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Durability of a primary care-led weight-management intervention for remission of type 2 diabetes: 2-year results of the DiRECT open-label, cluster-randomised trial

Lookup NU author(s): Alison Barnes, Dr Carl Peters, Dr Sviatlana Zhyzhneuskaya, Dr Ahmad Al-Mrabeh, Dr Kieren Hollingsworth, Dr Angela Rodrigues, Dr Lucia Rehackova, Professor Ashley Adamson, Professor Falko Sniehotta, Professor John Mathers, Professor Roy Taylor

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This work is licensed under a Creative Commons Attribution-NonCommercial-NoDerivatives 4.0 International License (CC BY-NC-ND).


Abstract

Background: DiRECT reported diabetes remission at one year for 46% of participants allocated to an integrated structured weight management programme. We now assess two-year findings. Methods: DiRECT is an open-label, cluster-randomised, controlled trial in primary care practices randomised to a weight management programme (intervention) or best-practice care by guidelines (control). We recruited individuals aged 20–65 years, with <6 years duration of type 2 diabetes, body-mass index 27–45 kg/m2, and not receiving insulin. The intervention comprised withdrawal of anti-diabetes and antihypertensive drugs, total diet replacement (825–853 kcal/day formula diet) for 12-20 weeks, stepped food reintroduction (2–8 weeks), and then structured support for weight loss maintenance. Co-primary outcomes, analysed hierarchically, were weight loss >15 kg, and remission of diabetes, defined as HbA1c <6·5% (<48 mmol/mol) with no anti-diabetes medications. Findings: At 24 months, 53/149 (35·6%) of those commencing the intervention and 5/149 (3·4%) in the control group (adjusted odds ratio 25·8, 95% CI 8·3,80·8; p<0·0001) had remission, and 11·4% of intervention and 2·0% of the control group (adjusted odds ratio 8·2 (2·2,30·0), p=0·0015) had weight loss ≥15kg. Of those maintaining ≥10kg weight loss (45/272), 64% (29/45) achieved remission, and 24.2% (36/149) of the intervention group maintained ≥10kg weight loss. Adjusted mean differences between groups were, in changes in body weight -5·4 kg, (-6·9,-4·0), p<0·0001, in HbA1c -4·8 mmol/mol, (-8·3,-1·4), p=0·0063 despite >50% fewer anti-diabetes agent use in intervention group, and SBP -3·4 mmHg, (-6·7,-0·2), p=0·0397. Serious adverse events were similar at 12 months, but fewer occurred in intervention than control in the second year (9 vs. 22). Quality of life improved more from baseline in the intervention than the control group, adjusted mean difference 4·6 (0·4,8·9, p=0·032). Interpretation: This programme sustained remissions at 24 months for over a third of people with type 2 diabetes. Weight loss of ≥10 kg provides remission for two thirds. Funding: Diabetes UK.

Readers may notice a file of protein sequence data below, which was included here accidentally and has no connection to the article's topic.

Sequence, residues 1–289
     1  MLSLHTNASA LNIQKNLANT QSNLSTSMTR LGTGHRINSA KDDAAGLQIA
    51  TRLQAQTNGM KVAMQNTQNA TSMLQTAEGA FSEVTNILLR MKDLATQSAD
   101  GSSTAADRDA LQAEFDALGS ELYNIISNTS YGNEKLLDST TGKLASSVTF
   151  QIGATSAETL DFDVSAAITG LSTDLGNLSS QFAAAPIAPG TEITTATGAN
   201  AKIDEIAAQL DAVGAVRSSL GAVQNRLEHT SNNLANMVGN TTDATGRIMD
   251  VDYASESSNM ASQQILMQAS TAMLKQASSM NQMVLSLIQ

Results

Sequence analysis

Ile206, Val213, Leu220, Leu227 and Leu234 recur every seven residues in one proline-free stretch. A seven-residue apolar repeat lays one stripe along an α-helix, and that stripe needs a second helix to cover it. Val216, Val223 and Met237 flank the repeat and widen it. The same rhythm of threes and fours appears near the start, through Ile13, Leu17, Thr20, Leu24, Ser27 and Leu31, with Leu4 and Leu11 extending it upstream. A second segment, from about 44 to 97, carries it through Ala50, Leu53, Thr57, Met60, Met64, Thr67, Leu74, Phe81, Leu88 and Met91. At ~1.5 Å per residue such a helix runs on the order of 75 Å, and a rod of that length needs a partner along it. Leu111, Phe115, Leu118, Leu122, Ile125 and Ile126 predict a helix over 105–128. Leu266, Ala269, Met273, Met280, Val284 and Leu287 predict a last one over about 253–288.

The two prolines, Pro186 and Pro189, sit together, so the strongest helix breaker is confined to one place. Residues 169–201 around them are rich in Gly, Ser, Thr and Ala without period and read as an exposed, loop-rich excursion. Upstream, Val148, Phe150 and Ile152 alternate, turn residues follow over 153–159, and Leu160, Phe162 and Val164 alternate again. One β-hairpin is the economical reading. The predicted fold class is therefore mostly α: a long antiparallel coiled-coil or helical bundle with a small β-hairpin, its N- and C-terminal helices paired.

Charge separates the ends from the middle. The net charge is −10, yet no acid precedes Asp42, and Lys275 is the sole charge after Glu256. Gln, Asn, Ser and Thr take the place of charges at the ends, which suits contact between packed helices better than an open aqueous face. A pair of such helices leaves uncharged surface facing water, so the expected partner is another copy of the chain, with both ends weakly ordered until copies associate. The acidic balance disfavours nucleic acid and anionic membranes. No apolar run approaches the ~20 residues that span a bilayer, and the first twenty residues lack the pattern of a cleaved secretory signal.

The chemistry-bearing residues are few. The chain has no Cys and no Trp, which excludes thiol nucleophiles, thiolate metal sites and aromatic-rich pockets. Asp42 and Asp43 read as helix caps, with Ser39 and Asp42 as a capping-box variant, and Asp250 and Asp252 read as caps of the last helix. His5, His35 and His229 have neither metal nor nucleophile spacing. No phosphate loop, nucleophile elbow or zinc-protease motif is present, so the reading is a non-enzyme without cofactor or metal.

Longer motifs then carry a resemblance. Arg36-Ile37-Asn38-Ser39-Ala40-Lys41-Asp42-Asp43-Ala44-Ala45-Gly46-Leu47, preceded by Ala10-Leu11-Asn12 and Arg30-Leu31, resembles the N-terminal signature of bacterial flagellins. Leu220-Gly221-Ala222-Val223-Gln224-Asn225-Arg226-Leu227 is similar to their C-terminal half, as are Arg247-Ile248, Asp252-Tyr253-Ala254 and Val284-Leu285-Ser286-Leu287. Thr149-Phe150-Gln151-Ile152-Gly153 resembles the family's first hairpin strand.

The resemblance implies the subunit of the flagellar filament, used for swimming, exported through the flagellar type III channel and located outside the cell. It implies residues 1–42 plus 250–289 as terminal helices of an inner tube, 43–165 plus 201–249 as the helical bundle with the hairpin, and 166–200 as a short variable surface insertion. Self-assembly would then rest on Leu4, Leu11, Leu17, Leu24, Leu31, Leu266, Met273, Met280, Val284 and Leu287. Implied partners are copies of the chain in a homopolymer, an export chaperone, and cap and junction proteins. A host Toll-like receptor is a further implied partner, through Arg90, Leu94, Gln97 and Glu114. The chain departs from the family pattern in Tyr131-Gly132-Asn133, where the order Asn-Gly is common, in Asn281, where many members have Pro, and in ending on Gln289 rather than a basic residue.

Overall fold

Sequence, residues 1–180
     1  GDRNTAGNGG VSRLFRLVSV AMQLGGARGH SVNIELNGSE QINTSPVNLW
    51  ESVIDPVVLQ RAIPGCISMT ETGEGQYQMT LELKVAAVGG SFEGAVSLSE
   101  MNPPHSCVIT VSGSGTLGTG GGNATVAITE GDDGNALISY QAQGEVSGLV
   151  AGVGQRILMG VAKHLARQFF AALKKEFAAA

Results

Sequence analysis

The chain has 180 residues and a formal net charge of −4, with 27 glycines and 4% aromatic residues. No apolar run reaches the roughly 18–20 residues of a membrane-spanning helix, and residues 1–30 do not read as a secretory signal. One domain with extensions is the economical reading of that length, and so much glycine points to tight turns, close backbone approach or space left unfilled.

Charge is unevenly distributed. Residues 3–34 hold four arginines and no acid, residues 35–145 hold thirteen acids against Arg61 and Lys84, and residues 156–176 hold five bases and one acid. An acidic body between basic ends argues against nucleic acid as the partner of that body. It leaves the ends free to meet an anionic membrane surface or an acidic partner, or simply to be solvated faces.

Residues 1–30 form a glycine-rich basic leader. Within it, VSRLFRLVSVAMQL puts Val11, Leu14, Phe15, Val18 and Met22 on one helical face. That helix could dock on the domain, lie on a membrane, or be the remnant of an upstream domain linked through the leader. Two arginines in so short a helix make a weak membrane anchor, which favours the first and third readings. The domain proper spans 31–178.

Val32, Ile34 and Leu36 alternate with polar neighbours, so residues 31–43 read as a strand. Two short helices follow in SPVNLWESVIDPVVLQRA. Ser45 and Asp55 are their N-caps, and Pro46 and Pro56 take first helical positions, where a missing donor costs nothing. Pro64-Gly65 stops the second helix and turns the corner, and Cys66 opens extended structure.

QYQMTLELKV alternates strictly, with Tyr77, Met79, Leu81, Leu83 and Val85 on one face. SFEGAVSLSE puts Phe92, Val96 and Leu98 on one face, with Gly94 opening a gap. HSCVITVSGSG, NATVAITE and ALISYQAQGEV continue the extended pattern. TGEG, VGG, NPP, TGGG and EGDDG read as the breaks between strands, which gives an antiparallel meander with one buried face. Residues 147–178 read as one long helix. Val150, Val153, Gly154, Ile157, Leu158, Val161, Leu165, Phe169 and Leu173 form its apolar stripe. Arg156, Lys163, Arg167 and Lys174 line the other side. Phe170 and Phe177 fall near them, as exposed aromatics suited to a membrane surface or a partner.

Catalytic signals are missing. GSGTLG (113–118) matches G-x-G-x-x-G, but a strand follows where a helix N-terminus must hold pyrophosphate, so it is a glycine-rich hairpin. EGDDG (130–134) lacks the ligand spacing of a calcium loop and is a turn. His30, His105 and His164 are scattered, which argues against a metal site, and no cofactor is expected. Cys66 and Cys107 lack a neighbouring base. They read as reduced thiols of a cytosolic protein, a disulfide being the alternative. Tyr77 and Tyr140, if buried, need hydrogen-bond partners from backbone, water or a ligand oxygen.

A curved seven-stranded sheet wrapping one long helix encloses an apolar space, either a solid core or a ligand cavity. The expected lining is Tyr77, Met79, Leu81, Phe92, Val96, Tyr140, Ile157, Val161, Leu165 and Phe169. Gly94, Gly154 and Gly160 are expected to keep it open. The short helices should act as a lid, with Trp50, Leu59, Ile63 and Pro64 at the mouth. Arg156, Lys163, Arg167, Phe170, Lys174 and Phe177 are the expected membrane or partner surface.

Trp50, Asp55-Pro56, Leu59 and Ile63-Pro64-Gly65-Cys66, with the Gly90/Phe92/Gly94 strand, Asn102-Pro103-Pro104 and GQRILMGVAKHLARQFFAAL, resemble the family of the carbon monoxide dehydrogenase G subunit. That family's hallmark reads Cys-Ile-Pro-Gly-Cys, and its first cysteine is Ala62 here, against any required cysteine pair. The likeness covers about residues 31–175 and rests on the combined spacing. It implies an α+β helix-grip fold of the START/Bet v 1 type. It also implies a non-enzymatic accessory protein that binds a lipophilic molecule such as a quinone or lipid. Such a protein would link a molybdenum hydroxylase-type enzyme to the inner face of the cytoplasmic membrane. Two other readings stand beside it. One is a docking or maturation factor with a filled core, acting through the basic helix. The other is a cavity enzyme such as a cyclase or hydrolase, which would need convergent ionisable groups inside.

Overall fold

Publication metadata

Author(s): Lean MEJ, Leslie WS, Barnes AC, Brosnahan N, Thom G, McCombie L, Peters C, Zhyzhneuskaya S, Al-Mrabehm A, Hollingsworth KG, Rodrigues AM, Rehackova L, Adamson AJ, Sniehotta FF, Mathers JC, Ross HM, McIlvenna Y, Welsh P, Kean S, Ford I, McConnachie A, Messow CM, Sattar N, Taylor R

Publication type: Article

Publication status: Published

Journal: Lancet Diabetes & Endocrinology

Year: 2019

Volume: 7

Issue: 5

Pages: 344-355

Print publication date: 01/05/2019

Online publication date: 06/03/2019

Acceptance date: 13/02/2019

Date deposited: 23/02/2019

ISSN (print): 2213-8587

ISSN (electronic): 2213-8595

Publisher: The Lancet Publishing Group

URL: https://doi.org/10.1016/S2213-8587(19)30068-3

DOI: 10.1016/S2213-8587(19)30068-3


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